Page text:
The research on high-temperature shape memory alloys has been growing because of the interest of several potential industrial fields, such as automotive, aerospace, mechanical, and control systems. One suitable candidate is given by the CuZr system, because of its relative low price in comparison with others, like the NiTi-based one. In this context, the goal of this work is the study of hot workability of some CuZr-based shape memory alloys. In particular, this study addresses on the effect of hot rolling process on the metallurgical and calorimetric properties of the CuZr system. The addition of some alloying elements (Cr, Co, Ni, and Ti) is taken into account and their effect is also put in comparison with each other. The alloys were produced by means of an arc melting furnace in inert atmosphere under the shape of cigars. Due to the high reactivity of these alloys at high temperature, the cigars were sealed in a stainless steel can before the processing and two different procedures of hot rolling were tested. The characterization of the rolled alloys is performed using discrete scanning calorimetry in terms of evolution of the martensitic transformation and scanning electron microscopy for the microstructural investigations. Additionally, preliminary tests of laser interaction has been also proposed on the alloy more interesting for potential applications, characterized by high transformation temperatures and its good thermal stability.

  7. HIGH-TEMPERATURE OXIDATION PROTECTIVE COATINGS FOR VANADIUM-BASE ALLOYS

    DTIC Science & Technology

    SILICIDES , SILICON COATINGS , THIN FILM STORAGE DEVICES, TITANIUM ALLOYS, VAPOR PLATING, YTTRIUM COMPOUNDS, ZINC ALLOYS, ZINC COATINGS ....ANTIOXIDANTS, *METAL COATINGS , *REFRACTORY COATINGS , *VANADIUM ALLOYS, ALUMINUM ALLOYS, CERAMIC COATINGS , CHROMIUM ALLOYS, CLADDING, FLAME SPRAYING...HIGH TEMPERATURE, INTERMETALLIC COMPOUNDS, IODINE COMPOUNDS, IRON ALLOYS, MAGNESIUM ALLOYS, NICKEL ALLOYS, NICKEL COMPOUNDS, NIOBIUM ALLOYS, OXIDES

  8. Computational and Experimental Development of Novel High Temperature Alloys

    SciTech Connect

    Kramer, M.J.; Ray, P.K.; and Akinc, M.

    2010-06-29

    The work done in this paper is based on our earlier work on developing an extended Miedema model and then using it to downselect potential alloy systems. Our approach is to closely couple the semi-empirical methodologies to more accurate ab initio methods to dentify the best candidates for ternary alloying additions. The architectural framework for our material's design is a refractory base metal with a high temperature intermetallic which provides both high temperature creep strength and a source of oxidatively stable elements. Potential refractory base metals are groups IIIA, IVA and VA. For Fossil applications, Ni-Al appears to be the best choice to provide the source of oxidatively stable elements but this system requires a 'boost' in melting temperatures to be a viable candidate in the ultra-high temperature regime (> 1200C). Some late transition metals and noble elements are known to increase the melting temperature of Ni-Al phases. Such an approach suggested that a Mo-Ni-Al system would be a good base alloy system that could be further improved upon by dding Platinum group metals (PGMs). In this paper, we demonstrate the variety of microstructures that can be synthesized for the base alloy system, its oxidation behavior as well as the oxidation behavior of the PGM substituted oxidation resistant B2 NiAl phase.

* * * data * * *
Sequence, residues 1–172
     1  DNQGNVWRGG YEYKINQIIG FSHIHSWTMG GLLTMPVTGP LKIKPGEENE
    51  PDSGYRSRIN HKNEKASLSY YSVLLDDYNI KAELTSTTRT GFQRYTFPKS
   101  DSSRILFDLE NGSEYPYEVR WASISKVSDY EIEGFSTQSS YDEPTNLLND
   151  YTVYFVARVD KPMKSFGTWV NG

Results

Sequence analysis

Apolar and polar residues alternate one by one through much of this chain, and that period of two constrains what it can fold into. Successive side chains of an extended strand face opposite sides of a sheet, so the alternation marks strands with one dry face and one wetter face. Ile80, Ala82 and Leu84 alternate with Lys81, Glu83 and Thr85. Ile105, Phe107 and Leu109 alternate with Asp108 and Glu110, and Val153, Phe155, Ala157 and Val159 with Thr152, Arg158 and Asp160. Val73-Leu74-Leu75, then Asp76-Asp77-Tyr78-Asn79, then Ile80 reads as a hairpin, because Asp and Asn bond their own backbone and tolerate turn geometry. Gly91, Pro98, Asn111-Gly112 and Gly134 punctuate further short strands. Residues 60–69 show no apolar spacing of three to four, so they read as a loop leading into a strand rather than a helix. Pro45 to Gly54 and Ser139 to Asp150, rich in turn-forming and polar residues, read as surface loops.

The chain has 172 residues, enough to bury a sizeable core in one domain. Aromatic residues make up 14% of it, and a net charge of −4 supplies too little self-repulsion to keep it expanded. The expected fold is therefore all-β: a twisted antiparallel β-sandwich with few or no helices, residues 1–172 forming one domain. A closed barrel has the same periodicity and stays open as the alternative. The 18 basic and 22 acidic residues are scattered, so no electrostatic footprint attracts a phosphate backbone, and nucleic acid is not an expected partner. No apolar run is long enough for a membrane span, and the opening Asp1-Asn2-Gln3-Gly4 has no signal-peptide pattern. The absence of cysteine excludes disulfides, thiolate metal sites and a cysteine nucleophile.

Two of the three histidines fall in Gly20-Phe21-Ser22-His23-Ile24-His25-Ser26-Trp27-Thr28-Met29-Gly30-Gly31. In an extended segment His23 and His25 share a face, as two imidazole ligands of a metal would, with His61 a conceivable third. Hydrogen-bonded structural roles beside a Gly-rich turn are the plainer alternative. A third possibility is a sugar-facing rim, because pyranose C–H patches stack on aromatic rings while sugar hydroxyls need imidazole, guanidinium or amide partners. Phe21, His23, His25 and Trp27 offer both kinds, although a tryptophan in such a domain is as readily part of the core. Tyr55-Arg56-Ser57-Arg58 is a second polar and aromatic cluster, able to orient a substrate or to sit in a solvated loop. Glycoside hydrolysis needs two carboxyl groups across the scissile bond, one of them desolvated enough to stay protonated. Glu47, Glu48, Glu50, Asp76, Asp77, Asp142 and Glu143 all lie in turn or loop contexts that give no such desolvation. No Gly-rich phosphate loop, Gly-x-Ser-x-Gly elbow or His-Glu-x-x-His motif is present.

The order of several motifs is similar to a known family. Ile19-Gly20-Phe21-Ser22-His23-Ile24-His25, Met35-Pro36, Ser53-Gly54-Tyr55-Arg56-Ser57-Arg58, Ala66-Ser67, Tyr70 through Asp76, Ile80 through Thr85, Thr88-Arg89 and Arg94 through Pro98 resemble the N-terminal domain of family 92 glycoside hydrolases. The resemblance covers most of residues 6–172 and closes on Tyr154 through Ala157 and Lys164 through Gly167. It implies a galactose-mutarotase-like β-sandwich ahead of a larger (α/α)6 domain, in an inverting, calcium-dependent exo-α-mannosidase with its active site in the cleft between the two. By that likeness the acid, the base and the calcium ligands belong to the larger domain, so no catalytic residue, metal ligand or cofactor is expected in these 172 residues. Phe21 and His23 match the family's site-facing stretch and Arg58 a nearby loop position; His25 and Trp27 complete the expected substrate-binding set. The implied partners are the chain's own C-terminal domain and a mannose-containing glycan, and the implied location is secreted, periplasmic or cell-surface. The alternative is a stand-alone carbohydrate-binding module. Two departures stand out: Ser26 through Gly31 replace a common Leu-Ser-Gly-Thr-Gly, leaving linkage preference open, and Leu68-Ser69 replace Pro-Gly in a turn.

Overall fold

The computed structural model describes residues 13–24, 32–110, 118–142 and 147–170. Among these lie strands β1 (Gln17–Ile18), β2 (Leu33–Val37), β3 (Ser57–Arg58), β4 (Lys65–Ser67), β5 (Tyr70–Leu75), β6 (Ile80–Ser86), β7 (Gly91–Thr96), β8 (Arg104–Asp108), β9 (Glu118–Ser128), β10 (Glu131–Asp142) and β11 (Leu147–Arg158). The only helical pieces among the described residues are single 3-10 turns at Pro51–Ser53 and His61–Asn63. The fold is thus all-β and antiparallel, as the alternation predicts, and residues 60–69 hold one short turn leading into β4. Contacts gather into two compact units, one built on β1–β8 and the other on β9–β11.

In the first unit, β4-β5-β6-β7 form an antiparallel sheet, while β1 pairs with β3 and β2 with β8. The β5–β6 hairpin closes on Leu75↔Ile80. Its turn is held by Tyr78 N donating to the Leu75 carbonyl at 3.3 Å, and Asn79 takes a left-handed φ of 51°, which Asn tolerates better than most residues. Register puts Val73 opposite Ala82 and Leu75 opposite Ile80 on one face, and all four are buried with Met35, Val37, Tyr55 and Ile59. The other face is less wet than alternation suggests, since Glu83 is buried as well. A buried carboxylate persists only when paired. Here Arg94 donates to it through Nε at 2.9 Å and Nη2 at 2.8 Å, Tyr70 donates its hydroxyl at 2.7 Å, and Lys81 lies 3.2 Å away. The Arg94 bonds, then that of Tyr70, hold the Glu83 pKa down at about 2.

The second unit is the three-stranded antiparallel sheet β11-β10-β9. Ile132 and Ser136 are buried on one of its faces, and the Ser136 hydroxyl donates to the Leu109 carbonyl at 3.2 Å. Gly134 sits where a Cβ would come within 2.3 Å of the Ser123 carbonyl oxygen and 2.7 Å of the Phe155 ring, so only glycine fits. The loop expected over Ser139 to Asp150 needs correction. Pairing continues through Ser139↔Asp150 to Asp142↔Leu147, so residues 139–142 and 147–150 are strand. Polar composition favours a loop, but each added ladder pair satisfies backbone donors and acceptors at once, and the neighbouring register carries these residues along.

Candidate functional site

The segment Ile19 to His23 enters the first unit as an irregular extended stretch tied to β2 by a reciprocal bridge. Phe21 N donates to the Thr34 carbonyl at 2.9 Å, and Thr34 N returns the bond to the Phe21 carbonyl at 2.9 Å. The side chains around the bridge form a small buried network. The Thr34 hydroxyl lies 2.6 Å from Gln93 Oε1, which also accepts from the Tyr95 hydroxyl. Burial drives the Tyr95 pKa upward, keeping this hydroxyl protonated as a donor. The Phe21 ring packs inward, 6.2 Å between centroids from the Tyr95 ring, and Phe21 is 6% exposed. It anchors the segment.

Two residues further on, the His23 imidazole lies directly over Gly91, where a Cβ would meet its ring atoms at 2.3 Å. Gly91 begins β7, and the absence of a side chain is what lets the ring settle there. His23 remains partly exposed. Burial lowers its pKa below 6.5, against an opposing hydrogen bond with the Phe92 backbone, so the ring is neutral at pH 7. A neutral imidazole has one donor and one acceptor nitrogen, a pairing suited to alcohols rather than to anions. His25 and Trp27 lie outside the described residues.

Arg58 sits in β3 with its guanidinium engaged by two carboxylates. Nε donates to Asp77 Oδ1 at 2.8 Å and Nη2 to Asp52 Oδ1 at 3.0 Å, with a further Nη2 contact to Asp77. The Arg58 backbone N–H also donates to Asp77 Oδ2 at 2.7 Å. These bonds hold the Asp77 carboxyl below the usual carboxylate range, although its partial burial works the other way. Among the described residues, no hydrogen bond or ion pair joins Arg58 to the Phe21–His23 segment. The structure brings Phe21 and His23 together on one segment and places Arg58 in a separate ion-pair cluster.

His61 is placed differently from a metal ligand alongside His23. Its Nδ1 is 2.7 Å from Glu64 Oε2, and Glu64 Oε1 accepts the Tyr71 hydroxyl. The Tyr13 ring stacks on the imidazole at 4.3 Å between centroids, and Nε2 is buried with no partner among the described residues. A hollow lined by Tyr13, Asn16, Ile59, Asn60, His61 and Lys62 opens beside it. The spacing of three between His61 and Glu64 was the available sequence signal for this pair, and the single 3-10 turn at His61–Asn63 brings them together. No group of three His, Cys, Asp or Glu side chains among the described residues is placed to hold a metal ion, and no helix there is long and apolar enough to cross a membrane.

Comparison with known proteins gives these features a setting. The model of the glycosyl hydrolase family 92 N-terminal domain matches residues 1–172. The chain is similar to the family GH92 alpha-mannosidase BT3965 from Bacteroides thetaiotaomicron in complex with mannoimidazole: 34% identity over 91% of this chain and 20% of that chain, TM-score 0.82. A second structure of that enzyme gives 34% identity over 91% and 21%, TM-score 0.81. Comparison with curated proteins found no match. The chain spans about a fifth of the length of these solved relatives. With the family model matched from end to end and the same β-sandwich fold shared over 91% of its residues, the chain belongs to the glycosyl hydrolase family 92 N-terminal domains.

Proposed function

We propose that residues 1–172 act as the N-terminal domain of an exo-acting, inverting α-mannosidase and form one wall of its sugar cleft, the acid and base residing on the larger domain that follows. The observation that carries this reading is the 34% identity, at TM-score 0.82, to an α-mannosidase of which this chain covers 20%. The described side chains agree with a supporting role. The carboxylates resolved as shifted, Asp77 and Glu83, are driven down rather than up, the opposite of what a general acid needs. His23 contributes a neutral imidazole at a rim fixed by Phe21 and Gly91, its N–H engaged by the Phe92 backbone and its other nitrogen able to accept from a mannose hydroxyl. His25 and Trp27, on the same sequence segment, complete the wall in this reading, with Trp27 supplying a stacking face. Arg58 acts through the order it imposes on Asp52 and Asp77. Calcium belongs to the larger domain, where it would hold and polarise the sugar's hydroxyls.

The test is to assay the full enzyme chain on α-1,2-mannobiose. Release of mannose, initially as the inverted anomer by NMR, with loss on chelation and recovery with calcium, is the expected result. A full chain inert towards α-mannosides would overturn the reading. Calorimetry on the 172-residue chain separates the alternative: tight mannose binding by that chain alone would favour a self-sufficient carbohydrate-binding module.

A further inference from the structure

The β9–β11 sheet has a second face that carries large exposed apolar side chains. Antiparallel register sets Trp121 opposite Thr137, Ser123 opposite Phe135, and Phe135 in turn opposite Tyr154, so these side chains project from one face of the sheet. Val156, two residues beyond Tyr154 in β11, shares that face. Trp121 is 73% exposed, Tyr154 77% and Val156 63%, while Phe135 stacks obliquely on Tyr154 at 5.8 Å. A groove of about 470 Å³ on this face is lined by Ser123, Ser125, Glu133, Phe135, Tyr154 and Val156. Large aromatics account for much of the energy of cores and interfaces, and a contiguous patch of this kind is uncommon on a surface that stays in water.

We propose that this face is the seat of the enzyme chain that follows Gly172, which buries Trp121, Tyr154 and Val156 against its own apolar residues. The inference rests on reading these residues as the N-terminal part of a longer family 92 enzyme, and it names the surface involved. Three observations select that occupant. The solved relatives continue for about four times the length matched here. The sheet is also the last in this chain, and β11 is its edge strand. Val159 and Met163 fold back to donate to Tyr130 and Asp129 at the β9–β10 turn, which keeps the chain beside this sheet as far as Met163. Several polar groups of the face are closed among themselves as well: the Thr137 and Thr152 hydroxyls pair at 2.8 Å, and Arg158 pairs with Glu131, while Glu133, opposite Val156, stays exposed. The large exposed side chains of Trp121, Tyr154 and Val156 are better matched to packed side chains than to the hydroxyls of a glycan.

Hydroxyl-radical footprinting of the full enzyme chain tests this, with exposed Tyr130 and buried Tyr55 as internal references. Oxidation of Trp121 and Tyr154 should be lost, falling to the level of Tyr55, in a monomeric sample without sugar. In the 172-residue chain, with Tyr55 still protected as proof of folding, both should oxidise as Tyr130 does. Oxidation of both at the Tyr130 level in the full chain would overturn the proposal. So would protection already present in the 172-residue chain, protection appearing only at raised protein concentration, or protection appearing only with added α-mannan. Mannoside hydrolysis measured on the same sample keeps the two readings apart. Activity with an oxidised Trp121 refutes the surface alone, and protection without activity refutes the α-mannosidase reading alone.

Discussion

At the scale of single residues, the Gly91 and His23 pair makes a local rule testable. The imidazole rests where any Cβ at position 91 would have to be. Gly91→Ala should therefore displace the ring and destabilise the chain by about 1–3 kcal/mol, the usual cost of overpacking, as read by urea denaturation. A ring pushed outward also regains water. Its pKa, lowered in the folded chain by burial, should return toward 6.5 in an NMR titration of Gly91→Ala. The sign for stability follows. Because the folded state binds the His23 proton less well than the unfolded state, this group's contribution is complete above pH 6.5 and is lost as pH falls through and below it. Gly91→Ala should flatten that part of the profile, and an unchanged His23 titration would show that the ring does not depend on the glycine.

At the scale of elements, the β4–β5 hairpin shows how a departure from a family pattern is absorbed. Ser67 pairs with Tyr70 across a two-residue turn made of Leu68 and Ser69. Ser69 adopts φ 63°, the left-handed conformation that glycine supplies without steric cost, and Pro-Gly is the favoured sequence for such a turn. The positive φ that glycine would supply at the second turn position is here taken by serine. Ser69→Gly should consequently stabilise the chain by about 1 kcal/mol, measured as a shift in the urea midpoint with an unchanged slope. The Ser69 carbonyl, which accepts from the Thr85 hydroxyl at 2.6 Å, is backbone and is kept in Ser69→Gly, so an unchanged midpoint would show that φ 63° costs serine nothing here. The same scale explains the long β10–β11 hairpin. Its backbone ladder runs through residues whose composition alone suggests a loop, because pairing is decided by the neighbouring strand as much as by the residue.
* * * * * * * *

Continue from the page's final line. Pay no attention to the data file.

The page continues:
9. Initial development of high-temperature titanium silicide alloys

    SciTech Connect

    Liu, C.T.; Lee, E.H.; Henson, T.J.

    1988-01-01

    Mechanical and metallurgical properties of Ti/sub 5/Si/sub 3/ and its alloys were studied for the purpose of developing high-temperature silicides for structural use. Titanium silicides are extremely hard and brittle. Microcracks that formed transgranularly were observed in the silicide and its alloys, indicating a poor cleavage strength for Ti/sub 5/Si/sub 3/. Microalloying with boron and carbon gave no apparent beneficial effect. The tendency for cracking can be reduced by lowering the silicon content or by alloying with 2 to 4% Cr and 4% Zr. In particular, almost no cracks were observed in the alloy Ti-33Si-4Zr-4Cr (at. %). Titanium silicide has a hardness of 980 dph. The hardness shows a slight increase with zirconium additions and a decrease with chromium additions. Tensile tests indicate that the silicide and its alloys are brittle even at 1000/degree/C. All alloys fractured with a strength less than 100 MPa. Among the silicides tested, the alloys containing 4 to 8% Cr have better fracture strength. The fracture mode of the silicide alloys is mainly transgranular with a cleavage appearance. The silicides showed basically a parabolic oxidation rate at 800/degree/C, with an oxidation rate higher by an order of magnitude than that of nickel aluminides. 10 figs., 5 tabs.

  10. Development of high temperature fasteners using directionally solidified eutectic alloys

    NASA Technical Reports Server (NTRS)

    George, F. D.

    1972-01-01

    The suitability of the eutectics for high temperature fasteners was investigated. Material properties were determined as a function of temperature, and included shear parallel and perpendicular to the growth direction and torsion parallel to it. Techniques for fabricating typical fastener shapes included grinding, creep forming, and direct casting. Both lamellar Ni3Al-Ni3Nb and fibrous (Co,Cr,Al)-(Cr,Co)7C3 alloys showed promise as candidate materials for high temperature fastener applications. A brief evaluation of the performance of the best fabricated fastener design was made.